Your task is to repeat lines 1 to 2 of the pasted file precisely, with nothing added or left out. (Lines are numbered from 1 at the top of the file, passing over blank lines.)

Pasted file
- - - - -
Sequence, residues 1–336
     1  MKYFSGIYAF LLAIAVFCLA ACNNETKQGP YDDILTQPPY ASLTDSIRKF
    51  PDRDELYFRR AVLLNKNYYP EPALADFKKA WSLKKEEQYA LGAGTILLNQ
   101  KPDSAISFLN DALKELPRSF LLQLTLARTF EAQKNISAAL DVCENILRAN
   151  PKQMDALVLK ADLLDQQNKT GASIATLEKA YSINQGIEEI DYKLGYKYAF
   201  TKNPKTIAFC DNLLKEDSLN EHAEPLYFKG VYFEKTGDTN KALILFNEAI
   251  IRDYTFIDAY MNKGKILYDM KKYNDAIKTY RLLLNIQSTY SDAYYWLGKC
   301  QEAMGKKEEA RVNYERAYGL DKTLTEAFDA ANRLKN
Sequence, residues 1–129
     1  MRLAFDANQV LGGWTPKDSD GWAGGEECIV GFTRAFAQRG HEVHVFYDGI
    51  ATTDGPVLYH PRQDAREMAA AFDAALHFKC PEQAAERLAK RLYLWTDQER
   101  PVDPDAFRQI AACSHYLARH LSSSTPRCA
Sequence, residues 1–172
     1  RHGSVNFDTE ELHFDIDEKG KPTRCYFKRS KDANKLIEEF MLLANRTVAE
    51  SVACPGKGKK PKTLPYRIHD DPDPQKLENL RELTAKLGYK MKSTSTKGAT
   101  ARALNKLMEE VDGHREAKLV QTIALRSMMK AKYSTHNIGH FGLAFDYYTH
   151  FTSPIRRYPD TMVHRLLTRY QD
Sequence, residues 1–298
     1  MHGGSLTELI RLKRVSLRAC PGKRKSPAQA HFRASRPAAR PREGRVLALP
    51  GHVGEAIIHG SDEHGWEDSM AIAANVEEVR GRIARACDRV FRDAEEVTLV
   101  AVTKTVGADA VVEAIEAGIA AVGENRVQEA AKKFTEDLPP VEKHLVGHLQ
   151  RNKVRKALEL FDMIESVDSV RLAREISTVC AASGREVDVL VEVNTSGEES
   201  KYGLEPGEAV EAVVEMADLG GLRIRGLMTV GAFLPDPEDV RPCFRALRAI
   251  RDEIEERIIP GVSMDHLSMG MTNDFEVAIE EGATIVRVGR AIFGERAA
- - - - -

Sequence, residues 1–336
     1  MKYFSGIYAF LLAIAVFCLA ACNNETKQGP YDDILTQPPY ASLTDSIRKF